not willing to suggest a specific counter-offer. Maybe they don't want
to infringe on appraisers and bank's territory, I don't know.
Very nice. I would expect, though, that payments on such an annuity
would be lower. Part of the reason for buying a piece of real estate
is to protect a part of my net worth from inflation, and I am leery of
using any purely financial instruments for this purpose.
The 5 year old probably does not want to become a landlord, but the 9
year old already does.
Gene, thanks for a long answer. My replies are below.
It is six units on one stairwell, so to speak. It is a section of a
much longer building.
I have to admit I have no clue. I would expect a similar treatment.
This is a 25 year old building.
Not a rent controlled area.
I have no clue here, but I would expect that I can report whatever
hours I may want to report, as the building is local to me.
My income exceeds the above amounts.
Cash, no mortgage.
I do not think that anyone is behind by more than a couple of
weeks. Though I should check. I was being conservative in making a
The owner of these 6 units invested $550k in them, had a loan secured
by property, ows $440k to the bank, is not making payments, and he is
foreclosed. This property will be sold to me by the bank.
I like to try to think about everything. This is a brick building, I
would say 25 years old.
In your replies to Gene's replies one reply is missing:
Are you going to be the active property manager, subject to a call at
2 a.m. when the heat doesn't work? Not that it's critical financially,
nor that it answers your question about what exactly you own, and
which liabilities you own, but it is something to consider - I spend a
lot of time on my house for things that, when I rented, I called the
maintenance guys for. A faucet here, a toilet there, a thermostat, a
clogged drain, ants, chlorine, walkway to be cleaned, doorbell to be
fixed, fridge makes funny noises, light missing in oven, A/C ducting
has holes, light switch doesn't work, 2nd floor window needs cleaning,
shrub dying, tree needs pruning, cat digs holes under back fence, bear
claws maple, branch fell, driveway cracked, the list seems endless -
and those are 'unusual items', not the routine stuff like watering,
fertilizing, landscaping, painting, carpeting, etc.. There may be a
'shared' property manager amongst other owners.
I believe the question you want answered is the connection other than
physical to the rest of the complex. E.g. If a section of roof needs
replacement, and it is not over any of the six units you are
contemplating, are you legally bound to share the bill for the
repairs? If the landscaping and apartment maintenance and tenant
quality differs from one section of the building to another, is there
an overriding HOA authority to enforce a minimum standard?
One other consideration, since you explained a bit more: who owns the
other sections of the building? Did they buy in at the same price
(e.g. 550K) range and are they likely to walk away too? I believe
there is a provision in some States that a new owner has some right to
evict existing tenants within a given period of time, which in some
instances can be a benefit to upgrading quality, bypassing an
otherwise lengthy process, but as part owner your neighbors are closer
to you and more of a factor.
I have been told that Donald Trump is considering getting out of real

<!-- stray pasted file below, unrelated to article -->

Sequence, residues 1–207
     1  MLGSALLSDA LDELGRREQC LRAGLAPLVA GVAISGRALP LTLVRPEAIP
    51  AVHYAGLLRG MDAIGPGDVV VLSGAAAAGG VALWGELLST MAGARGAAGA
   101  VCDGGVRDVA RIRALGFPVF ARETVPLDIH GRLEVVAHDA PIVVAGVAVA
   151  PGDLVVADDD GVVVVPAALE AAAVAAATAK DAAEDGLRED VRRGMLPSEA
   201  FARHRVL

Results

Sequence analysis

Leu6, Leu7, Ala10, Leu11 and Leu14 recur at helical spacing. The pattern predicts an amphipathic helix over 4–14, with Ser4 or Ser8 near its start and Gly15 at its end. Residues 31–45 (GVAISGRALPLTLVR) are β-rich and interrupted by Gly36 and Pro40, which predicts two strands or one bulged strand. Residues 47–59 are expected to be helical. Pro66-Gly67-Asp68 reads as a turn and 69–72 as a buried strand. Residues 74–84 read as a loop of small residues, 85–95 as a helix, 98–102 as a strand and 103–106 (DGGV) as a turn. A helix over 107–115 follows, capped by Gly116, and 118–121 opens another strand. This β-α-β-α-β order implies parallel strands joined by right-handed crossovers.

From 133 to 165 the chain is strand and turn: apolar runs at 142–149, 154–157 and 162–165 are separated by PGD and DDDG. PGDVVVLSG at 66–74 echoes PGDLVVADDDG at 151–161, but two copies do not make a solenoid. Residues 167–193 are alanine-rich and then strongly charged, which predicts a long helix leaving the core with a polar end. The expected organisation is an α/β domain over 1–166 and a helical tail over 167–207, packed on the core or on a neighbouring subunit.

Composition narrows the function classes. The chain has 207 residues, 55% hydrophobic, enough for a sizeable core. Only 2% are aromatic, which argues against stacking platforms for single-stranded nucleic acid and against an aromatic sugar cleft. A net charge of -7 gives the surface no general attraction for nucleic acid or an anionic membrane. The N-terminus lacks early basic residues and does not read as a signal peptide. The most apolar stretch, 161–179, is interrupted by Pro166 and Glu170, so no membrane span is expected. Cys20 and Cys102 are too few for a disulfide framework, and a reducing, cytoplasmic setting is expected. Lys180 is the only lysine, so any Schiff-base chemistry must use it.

estate, because he can't stand all those calls he has been getting at
2 am in the morning when things in his buildings don't work.
If I am not mistaken, some of the Saudi Princes are having second
thoughts about investment in North American real estate. They hate
getting on a plane and flying across the Atlantic every time a toilet
doesn't flush properly.
What a strange scenario. I'm having trouble imagining how the ownership
of the building is divided - you need to understand that completely, and
the effect of all of the other owners' activities on these six units.
For example, if they are individually divided condos it may be difficult
for potential buyers of other condos to get financing due to the
ownership mix; that could snowball into problems in those units if
owners are forced to sell. If there is an HOA and you are the last owner
standing what happens financially and legally? If it's a TIC...well that
just isn't likely to be the case but that is full of issues too.
Cash is not the typical way to buy rental properties; many of the
benefits of ownership come from at least some leverage. You should get
something like Nolo Press's Every Landlord's Tax Guide to help
And just a thought: the world is crawling with investment partnerships
that look for opportunities to buy rental properties via small LLCs and
that kind of thing. Why hasn't one of those bought this 6-unit place?
There could be a good answer, but if there isn't...
He pays people to manage the property.
For small scale landlords, that sort of thing is either done
by the owner or, like Trump by paying someone - though in this
case, it's typically paying a third-party manager rather than
one's own employees (as Trump does). Typical property
management fees are approximately 10% of monthly rent. That
can be a big chunk - in some cases big enough to make the
whole thing if not long-term unprofitable, at least short-term
Plain Bread alone for e-mail, thanks. The rest gets trashed.
True. My point is that, since Trump pays his managers and still makes
a profit, it is also possible for small landlords to pay a manager and
still make a profit. In any case, I would be more concerned about long-
term capital gains than on monthly cash flow. Even if the income from
the property is negative in the early years, you can think of the loss
as part of the start-up costs that will be recovered in later years,
or even like foregoing some personal spending to put an extra $100
into a savings account every month, money that will come back to you
yeah - right - that was kind of a dumb reply....
A normal person is going to balance the slim net profits
with the cost of :
- rental agent, to find a renter for a year
- management agent, to find repair people and handle renter callers.
- repair people to fix things.
Add all these up and then see what percentage of the net income
you are willing to advance to these agents....
vs driving over at a moments notice and doing it yourself... if you can or
are even able.
Property managers for small landlords typically combine all three of
the above jobs together for the 10% fee. Of course, in the case of
repairs, the landlord has to pay the cost of the repairs, although the
property manager takes care of finding someone to do it and checking
on the work. In some areas, you can hire a manager for 7% or 8% of the
total rent. Finding a good one usually is not a major headache, but it
is something to take seriously. Think of it as like the task of
finding a responsible baby-sitter to look after your child. Very
important, but not impossible nor outrageously expensive.